Searching through the 5,000 messages quickly showed me that there was one sender who was doing most of the work. Grepping through /var/log/maillog quickly showed me which server the traffic was coming from. Once I had this information handy I shut down the main gateway server to stop the bleeding until I could figure out what was going on. I headed over to the server in question and started searching through those logs as well.
Turns out that there was an old Squirrelmail plugin that the spammer was using to generate plain text spam messages internally. Specifically these were nigerian phishing scheme messages. Since they are plain text, coming to and from legitimate addresses and were constantly changing, they were very difficult for our spam filters to stop. Once I updated the plugins, cleaned out all of the mail queues in question and restarted the affected services we were back in action.
The only problem remaining was to convince my fellow e-mail administrators that we were no longer sending spam. All of the major ISP’s use different filtering systems, real time blacklists (RBL’s) and their own internal policies. This meant visiting each ISP listed in the queue as a bounced message and reporting to them individually that the issue was resolved.
Along the way I noticed that there were two agencies that many of the ISP’s use as a clearing house for online e-mail system reputation. You can sign up your organization and they will independently verify that you are not a spammer. Once you are on their list, the ISP’s that subscribe to their services can verify that you are a legitmate sender. It amounts to a shake down more or less. You have to pay to play. Given the importance of our e-mail systems I decided to go ahead and sign us up. If you need to do the same with your mail servers then visit these companies:
- E-mailReg.org – This service charges $20 for one year of service. After verifying domain ownership they say it will take several days.
- ReturnPath.net – This is the big service that a lot of the major ISP’s use. They charge for their service based on how big your organization is. We received the non-profit discount and paid $200 for the application fee with no monthly fee. This system will take several weeks to verify. You really should sign up for this service when times are good.
All is well now. The spam flow has been stopped and all of our queues are cleaned out. All we can do now is wait on Roadrunner’s rate limits to time out and allow us to resume sending messages.
There is a bill now being written behind closed doors that would give the President the power to exert emergency control of the internet in times of emergency. If you are fortunate enough to be a company that is designated as a critical interest you could be subjected to forced removal from the internet when an emergency strikes. Why is the government trying to get into the business of controlling these companies? Shouldn’t they be cleaning up their own house first? These companies hire entire departments of people who are in charge of protecting their digital assets. It’s their job. Why is the government concerned with the operation of private property? It frankly is none of their business how large companies operate their networks. Who thinks this is a good idea?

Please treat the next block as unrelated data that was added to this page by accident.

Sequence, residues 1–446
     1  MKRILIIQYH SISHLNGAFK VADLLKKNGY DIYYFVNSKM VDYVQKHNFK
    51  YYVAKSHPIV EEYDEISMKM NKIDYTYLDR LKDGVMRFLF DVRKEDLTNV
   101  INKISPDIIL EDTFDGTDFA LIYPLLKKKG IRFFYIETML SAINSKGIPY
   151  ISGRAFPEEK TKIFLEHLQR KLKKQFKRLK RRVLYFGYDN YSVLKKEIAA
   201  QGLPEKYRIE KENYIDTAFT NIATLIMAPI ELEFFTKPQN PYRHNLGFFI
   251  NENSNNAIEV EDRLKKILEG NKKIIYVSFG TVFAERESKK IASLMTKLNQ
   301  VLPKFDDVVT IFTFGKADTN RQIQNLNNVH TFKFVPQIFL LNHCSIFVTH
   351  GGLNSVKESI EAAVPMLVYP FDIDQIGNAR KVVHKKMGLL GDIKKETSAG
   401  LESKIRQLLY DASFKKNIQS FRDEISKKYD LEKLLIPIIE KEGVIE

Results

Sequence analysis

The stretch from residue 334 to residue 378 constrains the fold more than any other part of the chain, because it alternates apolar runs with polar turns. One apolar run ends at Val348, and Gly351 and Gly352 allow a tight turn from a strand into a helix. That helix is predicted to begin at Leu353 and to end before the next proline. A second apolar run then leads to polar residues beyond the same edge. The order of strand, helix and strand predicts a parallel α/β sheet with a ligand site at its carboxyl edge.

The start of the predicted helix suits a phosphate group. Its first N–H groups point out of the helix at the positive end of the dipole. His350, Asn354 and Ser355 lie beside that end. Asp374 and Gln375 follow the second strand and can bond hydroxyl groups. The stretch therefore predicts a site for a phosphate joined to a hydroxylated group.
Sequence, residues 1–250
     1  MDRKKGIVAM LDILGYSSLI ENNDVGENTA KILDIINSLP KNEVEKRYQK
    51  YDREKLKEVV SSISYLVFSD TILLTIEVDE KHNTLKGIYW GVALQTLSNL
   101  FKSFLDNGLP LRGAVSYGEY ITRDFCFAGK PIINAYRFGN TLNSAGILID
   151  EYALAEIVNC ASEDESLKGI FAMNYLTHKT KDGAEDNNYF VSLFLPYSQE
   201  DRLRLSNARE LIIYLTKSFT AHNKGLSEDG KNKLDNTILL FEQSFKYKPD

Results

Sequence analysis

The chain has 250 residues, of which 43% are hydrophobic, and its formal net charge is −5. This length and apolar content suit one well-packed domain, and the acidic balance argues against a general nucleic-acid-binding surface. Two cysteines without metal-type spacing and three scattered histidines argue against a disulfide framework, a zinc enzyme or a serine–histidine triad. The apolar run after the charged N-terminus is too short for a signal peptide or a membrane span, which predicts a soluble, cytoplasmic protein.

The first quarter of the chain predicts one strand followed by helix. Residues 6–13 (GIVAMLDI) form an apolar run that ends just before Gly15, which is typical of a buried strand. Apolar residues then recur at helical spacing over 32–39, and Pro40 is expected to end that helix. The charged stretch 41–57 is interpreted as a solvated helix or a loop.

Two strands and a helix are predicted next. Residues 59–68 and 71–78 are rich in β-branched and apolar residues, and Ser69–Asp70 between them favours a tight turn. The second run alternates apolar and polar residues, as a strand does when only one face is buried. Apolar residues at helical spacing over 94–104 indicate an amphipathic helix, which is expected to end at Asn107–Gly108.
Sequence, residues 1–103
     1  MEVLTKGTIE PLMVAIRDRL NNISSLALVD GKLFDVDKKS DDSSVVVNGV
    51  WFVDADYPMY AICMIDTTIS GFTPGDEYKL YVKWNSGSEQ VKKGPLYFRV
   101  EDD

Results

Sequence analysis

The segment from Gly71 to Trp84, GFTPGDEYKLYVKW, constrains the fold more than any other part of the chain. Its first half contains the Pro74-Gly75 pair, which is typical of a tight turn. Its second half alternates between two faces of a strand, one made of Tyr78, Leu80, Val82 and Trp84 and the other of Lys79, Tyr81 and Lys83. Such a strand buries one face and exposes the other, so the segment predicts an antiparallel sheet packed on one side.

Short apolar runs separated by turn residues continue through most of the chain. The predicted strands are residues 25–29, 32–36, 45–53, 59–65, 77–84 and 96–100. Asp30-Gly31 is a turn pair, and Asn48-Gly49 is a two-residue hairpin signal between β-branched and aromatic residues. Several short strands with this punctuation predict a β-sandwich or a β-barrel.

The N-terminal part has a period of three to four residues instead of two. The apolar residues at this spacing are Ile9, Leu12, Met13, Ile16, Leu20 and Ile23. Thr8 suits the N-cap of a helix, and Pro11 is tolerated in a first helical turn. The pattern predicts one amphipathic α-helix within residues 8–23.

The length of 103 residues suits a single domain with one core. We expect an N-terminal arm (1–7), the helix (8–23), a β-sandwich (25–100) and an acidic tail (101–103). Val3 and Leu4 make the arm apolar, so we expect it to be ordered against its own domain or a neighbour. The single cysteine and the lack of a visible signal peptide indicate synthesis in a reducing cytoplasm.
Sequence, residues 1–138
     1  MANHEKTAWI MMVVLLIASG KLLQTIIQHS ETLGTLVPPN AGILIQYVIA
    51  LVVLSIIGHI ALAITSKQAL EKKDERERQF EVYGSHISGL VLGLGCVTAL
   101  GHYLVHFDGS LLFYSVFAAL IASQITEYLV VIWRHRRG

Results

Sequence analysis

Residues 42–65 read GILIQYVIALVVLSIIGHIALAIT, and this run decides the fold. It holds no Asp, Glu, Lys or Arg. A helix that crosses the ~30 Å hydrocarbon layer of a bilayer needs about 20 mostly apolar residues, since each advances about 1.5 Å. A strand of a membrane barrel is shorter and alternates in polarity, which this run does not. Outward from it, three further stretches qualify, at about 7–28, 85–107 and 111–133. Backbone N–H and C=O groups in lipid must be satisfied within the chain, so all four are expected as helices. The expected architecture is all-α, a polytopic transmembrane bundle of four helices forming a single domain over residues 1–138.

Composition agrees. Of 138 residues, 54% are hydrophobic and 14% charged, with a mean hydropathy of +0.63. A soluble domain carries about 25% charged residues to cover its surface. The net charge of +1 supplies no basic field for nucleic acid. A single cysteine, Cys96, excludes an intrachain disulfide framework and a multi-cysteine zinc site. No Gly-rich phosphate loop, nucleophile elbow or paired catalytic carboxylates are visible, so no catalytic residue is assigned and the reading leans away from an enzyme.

Internet companies and civil liberties groups were alarmed this spring when a U.S. Senate bill proposed handing the White House the power to disconnect private-sector computers from the Internet.
They’re not much happier about a revised version that aides to Sen. Jay Rockefeller, a West Virginia Democrat, have spent months drafting behind closed doors. CNET News has obtained a copy of the 55-page draft of S.773 (excerpt), which still appears to permit the president to seize temporary control of private-sector networks during a so-called cybersecurity emergency.
The new version would allow the president to “declare a cybersecurity emergency” relating to “non-governmental” computer networks and do what’s necessary to respond to the threat. Other sections of the proposal include a federal certification program for “cybersecurity professionals,” and a requirement that certain computer systems and networks in the private sector be managed by people who have been awarded that license.
Here’s the real kicker:
Probably the most controversial language begins in Section 201, which permits the president to “direct the national response to the cyber threat” if necessary for “the national defense and security.” The White House is supposed to engage in “periodic mapping” of private networks deemed to be critical, and those companies “shall share” requested information with the federal government. (“Cyber” is defined as anything having to do with the Internet, telecommunications, computers, or computer networks.)
Now we see the true purpose of this bill. The government wants to know what is on our computer networks. Imagine the possibilities for a moment. Let’s say there is another (God forbid) terrorist attack. The government already has the power to ground all air travel. Now they can pull the plug on the internet as well. What better way to suppress dissent could their be? The government already effectively controls the majority of the mass media. Oh wait, this is for our safety. There I go being paranoid again…
The NC State Office of Information Technology has produced a video outlining the importance of installing antivirus software on your computer. You may not qualify for their software but you should run something!